A bronze medallist in last year's world championship, the 18-year-old's Olympic preparation was hampered by a right hamstring injury sustained after April's trials.
"Honestly, a couple of weeks ago, if you told me I'd be fifth at the Olympics, I wouldn't have believed you,'' Overholt said. "My expectations going into this meet were pretty low just after the injury.
"Finishing fifth, I'm really happy with it."
Russian swimmers reinstated
Further adding to the doping confusion of these Games, the Associated Press reported Saturday that FINA is reinstating Russian swimmers who were subject to bans for having tested positive for performance enhancing drugs previously in their careers.
"I wish it was even across the board," Cochrane said. "For an athlete that's clean it's really frustrating for me to see that.
"Once the Games is done, that's something we'll all look back on and hope was handled better throughout the quadrennial. Not just right before the Olympics."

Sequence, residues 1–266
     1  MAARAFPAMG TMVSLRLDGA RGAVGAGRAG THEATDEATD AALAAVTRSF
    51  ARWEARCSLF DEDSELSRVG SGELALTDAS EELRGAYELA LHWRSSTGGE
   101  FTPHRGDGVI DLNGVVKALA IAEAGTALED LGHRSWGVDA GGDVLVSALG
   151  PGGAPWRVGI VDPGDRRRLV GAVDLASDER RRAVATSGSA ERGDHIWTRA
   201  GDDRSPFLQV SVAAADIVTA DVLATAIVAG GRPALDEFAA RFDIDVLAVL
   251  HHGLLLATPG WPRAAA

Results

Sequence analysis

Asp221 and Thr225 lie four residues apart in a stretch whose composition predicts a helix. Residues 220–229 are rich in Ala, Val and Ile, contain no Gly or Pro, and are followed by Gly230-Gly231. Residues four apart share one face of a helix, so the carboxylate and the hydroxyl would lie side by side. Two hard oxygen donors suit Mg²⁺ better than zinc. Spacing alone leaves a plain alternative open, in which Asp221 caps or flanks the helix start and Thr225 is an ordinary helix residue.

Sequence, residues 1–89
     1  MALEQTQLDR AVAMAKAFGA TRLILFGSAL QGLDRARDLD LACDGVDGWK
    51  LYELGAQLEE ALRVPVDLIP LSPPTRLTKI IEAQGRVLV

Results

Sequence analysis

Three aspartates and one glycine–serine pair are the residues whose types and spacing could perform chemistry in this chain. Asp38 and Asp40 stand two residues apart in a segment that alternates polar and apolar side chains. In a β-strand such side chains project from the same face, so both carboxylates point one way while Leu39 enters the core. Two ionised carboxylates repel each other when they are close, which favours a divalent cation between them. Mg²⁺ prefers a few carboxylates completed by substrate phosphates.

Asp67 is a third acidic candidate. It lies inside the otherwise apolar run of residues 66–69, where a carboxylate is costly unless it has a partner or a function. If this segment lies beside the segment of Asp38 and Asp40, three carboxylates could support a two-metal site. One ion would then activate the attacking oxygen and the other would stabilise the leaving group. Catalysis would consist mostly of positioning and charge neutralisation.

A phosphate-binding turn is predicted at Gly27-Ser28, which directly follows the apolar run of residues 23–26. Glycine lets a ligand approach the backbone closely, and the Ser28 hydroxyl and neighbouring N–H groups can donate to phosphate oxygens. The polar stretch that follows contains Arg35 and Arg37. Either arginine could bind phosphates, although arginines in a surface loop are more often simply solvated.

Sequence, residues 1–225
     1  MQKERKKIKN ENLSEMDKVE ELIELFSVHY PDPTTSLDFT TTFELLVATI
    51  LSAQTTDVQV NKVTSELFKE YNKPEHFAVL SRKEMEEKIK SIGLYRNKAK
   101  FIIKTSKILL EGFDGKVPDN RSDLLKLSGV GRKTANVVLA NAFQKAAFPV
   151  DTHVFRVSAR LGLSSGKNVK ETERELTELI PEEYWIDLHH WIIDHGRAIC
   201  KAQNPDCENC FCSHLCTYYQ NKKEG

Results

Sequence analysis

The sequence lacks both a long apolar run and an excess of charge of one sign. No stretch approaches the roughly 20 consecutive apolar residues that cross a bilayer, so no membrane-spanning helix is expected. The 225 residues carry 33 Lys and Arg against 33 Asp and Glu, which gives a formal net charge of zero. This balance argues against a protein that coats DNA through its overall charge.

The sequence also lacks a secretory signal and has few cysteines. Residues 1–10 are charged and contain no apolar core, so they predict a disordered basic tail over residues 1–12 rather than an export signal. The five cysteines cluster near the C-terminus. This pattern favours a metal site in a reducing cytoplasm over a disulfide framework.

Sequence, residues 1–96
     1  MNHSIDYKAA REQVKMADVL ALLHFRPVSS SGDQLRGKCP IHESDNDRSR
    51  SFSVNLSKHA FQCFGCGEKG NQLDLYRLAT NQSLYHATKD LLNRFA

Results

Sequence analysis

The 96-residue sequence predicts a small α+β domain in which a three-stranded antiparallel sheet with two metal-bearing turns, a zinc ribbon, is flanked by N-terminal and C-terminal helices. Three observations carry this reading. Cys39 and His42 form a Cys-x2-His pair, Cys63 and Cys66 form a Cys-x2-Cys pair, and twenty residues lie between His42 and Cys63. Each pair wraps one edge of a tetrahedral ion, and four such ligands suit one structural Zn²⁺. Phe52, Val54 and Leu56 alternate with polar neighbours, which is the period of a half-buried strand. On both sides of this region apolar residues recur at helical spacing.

In other opening-day races, Sydney Pickrem of Oldsmar, Fla., was 12th in the women's 400 I.M. and Noemie Thomas of Richmond, B.C., tied for 18th in the 100-metre butterfly. Calgary's Jason Block tied for 24th in the men's 100-metre breaststroke.
Oleksiak and Ruck are among the two dozen of Canada's 28 swimmers making their Olympic debut in Rio.
Swim Canada high-performance director John Atkinson says "up to 14 finals is something that we're keen to do."
The Canadian team reached seven finals four years ago in London and came home with a silver and a bronze medal from the pool, and a bronze in the men's open-water race.